As far as the timing and my daughter’s particular circumstances, there was only one option before Monday, and it would cost my daughter not inconsiderable money. They could send her a bill. She could choose to do that, or to wait until Monday when there was a less expensive option. It was an option I hadn’t thought of, and it sounded like a good one, one that would address some of the reasons my daughter told me she couldn't take care of this before.
My sponsor reminded me to breathe. She told me she loved me. She said to call again if I needed to.
Just talking it over, I felt better. I felt clear about what was reasonable for me to do or not to do.
I came out and found my daughter.
I told her I had talked to my sponsor and she had offered some good ideas. I told her if she felt this needed to be taken care of now, there was only one option. I’d be glad to drive her there and she could call me to pick her up when she was ready. I said that there was another option, which would cost her less money, if she thought she could wait until Monday. I told her to give it some thought and tell me what she wanted to do.
She responded very well. She said she only brought it up so I would understand why she was irritable. She came downstairs and helped me set up for our company, and behaved delightfully for the rest of the night.
My own irritation and anxiety evaporated and I was able to enjoy her company.
The next morning, she told me she wanted to get the problem taken care of. So I gave her a ride. There was no tension. She thanked me, gave me a hug. I gave her change for the pay phone so she could call when she was ready.
I went home and spent a lovely morning catching up on blogs, reading the paper, exercising. When I picked up my daughter, she had a whole new set of concerns. I was able to listen with love and not offer any solutions.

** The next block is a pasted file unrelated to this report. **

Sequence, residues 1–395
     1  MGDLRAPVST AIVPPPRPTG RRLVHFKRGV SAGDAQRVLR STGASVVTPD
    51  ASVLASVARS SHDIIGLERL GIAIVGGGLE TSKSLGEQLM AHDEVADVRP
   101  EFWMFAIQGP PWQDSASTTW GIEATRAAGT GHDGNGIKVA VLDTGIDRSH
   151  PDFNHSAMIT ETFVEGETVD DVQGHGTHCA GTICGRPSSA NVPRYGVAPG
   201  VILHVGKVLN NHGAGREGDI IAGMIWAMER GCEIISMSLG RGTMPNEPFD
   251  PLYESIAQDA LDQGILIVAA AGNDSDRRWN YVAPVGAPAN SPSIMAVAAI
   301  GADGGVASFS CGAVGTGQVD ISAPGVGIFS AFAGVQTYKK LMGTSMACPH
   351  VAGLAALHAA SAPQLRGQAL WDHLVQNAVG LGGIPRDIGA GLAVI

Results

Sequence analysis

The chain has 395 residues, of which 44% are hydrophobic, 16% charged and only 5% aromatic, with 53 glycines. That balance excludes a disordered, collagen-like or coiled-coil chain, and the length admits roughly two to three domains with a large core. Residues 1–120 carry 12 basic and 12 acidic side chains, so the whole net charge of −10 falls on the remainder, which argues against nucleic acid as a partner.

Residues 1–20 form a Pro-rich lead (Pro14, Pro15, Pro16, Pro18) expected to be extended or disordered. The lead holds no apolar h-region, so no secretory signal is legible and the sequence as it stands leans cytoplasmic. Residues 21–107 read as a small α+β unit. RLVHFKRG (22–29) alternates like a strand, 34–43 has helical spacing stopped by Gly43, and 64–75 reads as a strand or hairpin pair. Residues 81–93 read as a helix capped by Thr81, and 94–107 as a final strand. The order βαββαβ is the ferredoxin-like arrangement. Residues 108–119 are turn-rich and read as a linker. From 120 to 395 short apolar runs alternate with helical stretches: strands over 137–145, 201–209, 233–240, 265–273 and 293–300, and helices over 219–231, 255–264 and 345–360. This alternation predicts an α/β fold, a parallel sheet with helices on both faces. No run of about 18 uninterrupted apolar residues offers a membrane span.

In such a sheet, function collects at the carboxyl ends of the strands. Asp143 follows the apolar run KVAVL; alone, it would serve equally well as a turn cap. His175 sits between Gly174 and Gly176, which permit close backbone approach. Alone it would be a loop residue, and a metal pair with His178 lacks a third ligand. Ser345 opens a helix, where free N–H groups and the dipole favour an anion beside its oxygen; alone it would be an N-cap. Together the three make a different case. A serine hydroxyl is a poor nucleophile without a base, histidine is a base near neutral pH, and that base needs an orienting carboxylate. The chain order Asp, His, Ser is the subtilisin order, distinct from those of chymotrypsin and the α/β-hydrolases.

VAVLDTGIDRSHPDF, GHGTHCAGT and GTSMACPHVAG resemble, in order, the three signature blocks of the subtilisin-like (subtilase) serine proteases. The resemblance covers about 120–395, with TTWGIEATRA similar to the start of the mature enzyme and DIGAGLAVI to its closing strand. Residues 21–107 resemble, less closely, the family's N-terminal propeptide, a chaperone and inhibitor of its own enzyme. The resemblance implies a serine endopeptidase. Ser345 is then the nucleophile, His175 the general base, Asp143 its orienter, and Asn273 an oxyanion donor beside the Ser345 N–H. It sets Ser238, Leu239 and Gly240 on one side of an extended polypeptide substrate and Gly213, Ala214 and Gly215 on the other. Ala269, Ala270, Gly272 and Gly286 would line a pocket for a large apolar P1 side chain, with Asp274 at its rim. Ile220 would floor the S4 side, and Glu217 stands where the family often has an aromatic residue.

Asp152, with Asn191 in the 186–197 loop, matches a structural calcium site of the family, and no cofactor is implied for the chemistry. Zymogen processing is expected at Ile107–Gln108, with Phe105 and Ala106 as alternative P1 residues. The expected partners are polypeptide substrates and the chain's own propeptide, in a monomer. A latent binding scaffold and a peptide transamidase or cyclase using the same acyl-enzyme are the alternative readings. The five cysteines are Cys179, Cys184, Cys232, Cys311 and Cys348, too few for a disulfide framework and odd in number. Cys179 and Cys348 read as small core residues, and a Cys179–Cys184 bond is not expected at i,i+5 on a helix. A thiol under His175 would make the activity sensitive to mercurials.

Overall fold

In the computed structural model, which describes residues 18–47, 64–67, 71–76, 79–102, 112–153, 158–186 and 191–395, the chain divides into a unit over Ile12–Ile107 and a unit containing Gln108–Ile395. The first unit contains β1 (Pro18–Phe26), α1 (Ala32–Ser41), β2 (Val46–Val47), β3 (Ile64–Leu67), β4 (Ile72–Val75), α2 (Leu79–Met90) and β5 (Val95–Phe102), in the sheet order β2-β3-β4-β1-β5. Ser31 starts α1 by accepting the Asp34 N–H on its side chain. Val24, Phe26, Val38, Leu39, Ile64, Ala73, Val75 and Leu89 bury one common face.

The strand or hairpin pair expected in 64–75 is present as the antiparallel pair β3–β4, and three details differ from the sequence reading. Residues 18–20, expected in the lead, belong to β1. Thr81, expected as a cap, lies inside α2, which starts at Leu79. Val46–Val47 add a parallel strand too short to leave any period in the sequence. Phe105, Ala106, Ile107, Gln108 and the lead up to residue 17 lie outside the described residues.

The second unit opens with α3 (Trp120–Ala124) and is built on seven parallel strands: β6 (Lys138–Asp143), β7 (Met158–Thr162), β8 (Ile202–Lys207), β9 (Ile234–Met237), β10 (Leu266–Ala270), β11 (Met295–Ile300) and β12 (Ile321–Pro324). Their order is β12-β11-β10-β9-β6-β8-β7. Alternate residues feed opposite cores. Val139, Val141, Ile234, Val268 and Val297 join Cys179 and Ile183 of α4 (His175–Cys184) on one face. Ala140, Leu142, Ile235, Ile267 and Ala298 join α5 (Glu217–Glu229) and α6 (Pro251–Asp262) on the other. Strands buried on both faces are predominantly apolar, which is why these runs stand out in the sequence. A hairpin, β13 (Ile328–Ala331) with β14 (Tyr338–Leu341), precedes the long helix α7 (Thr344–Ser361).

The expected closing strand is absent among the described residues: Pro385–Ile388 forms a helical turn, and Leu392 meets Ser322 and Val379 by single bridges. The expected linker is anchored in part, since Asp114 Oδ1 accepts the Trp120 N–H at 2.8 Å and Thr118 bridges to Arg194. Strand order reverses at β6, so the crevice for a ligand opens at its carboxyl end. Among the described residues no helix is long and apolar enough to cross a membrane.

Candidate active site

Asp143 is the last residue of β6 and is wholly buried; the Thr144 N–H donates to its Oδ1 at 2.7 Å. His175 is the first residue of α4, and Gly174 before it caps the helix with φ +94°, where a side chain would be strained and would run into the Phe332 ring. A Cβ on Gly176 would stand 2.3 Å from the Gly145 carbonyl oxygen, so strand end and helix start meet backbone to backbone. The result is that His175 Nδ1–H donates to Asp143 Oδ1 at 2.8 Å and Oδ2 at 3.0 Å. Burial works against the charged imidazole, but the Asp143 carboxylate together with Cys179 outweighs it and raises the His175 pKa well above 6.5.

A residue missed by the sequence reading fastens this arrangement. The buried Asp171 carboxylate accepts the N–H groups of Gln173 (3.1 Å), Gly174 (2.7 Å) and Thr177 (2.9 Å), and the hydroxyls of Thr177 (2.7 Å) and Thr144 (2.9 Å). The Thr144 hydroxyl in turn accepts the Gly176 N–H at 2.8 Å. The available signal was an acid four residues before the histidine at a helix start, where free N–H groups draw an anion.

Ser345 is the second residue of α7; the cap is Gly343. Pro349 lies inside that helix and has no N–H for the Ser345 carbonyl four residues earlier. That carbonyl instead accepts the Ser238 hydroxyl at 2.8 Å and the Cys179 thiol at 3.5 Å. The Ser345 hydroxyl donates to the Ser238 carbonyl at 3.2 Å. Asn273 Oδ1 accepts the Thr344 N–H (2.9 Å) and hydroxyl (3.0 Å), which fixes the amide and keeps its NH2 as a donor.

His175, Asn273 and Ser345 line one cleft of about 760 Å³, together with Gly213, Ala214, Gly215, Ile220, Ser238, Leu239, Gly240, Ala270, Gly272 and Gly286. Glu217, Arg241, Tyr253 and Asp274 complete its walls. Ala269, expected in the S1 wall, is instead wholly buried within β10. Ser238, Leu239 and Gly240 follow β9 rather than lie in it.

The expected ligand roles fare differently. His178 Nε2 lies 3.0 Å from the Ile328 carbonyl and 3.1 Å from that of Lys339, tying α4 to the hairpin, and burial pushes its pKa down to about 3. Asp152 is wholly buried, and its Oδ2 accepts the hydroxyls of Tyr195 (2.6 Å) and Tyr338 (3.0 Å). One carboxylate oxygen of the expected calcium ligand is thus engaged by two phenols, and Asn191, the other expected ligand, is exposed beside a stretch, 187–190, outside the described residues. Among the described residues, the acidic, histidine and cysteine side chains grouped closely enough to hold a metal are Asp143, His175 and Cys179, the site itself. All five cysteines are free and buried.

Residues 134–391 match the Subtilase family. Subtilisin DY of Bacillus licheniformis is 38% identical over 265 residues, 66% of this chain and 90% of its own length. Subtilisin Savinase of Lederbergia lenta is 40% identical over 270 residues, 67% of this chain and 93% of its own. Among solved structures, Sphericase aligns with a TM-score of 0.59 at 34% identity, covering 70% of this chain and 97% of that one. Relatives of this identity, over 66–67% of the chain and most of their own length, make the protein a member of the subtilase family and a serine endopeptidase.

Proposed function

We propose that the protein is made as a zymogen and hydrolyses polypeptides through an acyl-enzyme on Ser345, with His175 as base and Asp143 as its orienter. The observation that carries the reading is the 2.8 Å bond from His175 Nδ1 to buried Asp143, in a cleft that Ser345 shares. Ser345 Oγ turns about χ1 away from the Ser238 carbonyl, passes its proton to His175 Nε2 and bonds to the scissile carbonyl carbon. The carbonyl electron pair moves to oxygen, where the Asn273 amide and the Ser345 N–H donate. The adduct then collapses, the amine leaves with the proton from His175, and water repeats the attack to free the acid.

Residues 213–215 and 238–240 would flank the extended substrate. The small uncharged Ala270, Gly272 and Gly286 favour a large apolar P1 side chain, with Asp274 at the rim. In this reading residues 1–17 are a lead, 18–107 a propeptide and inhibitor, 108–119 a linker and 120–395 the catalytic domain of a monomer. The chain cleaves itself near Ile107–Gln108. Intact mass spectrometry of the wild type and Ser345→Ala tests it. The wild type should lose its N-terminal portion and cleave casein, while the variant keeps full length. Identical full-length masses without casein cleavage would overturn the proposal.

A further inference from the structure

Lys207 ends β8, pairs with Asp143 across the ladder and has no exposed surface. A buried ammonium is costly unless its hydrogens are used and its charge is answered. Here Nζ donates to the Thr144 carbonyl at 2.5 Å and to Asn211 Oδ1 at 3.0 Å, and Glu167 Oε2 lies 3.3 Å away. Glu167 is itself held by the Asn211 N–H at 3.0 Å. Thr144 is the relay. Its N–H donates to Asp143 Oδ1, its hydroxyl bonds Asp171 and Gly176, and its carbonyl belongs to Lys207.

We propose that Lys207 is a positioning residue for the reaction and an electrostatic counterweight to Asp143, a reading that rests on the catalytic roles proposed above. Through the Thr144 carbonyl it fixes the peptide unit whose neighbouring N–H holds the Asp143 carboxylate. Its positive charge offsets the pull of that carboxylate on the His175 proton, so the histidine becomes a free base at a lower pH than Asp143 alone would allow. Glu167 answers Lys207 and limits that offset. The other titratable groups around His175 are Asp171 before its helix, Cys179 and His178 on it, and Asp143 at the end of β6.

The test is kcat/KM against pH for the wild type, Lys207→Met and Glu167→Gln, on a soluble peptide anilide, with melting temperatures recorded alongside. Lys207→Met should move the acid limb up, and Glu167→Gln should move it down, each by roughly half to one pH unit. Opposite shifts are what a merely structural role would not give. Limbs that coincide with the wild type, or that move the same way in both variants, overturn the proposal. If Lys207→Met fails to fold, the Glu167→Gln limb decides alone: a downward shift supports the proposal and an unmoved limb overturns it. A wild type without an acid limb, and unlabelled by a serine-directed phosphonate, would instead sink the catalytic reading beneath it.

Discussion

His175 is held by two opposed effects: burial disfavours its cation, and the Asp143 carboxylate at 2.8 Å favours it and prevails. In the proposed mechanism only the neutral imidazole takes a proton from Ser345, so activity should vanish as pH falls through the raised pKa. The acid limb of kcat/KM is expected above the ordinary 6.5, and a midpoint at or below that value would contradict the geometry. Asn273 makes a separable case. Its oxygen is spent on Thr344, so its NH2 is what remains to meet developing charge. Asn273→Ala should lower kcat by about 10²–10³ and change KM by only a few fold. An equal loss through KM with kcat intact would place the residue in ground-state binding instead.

What would have happened if my sponsor didn’t pick up the phone? Today, I would have called someone else. I could have called another Al-Anon sister. I could have called my sponsor's sponsor. I could have called anyone on the phone list at any of the meetings I attend.
Had I not called anyone, I can’t say for sure what I would have done, of course, but I can tell you what has happened in the past. I would have grudgingly taken her on her errand. I would have waited with her for the hours that it took, martyr like. I would have paid for it, and resented it. Probably, I would have nursed the grudge for a while, making it difficult to enjoy my daughter during the short time we had together.
In the past, my daughter has not responded lovingly to this behavior from me. Things got tense. We’d be short with each other and/or chillingly polite. I would be glad to see her go. We’d give each other stiff hugs at the airport curb.
As it was, we were able to spend an enjoyable visit. I was glad I could be there to offer support and encouragement. I was glad I could give her a hug.
At the time, it felt like magic. Now that I break it down I can see that my reaction just didn't make sense. It was based on a whole senario I concocted in my head, rather than the reality of the situation. It wasn't rational. It wasn't sane. (After all, I was listening to "voices.")
Feelings are not facts.
My sponsor just pulled me back to reality.
As Tammy said in her comment, it reminded me that I can't do this alone.
I heard a speaker say once "My mind is like a bad neighborhood. It's nowhere I want to be for very long."
I knew exactly what she was talking about.
Blessed Titus Brandsma – July 27
1 hour ago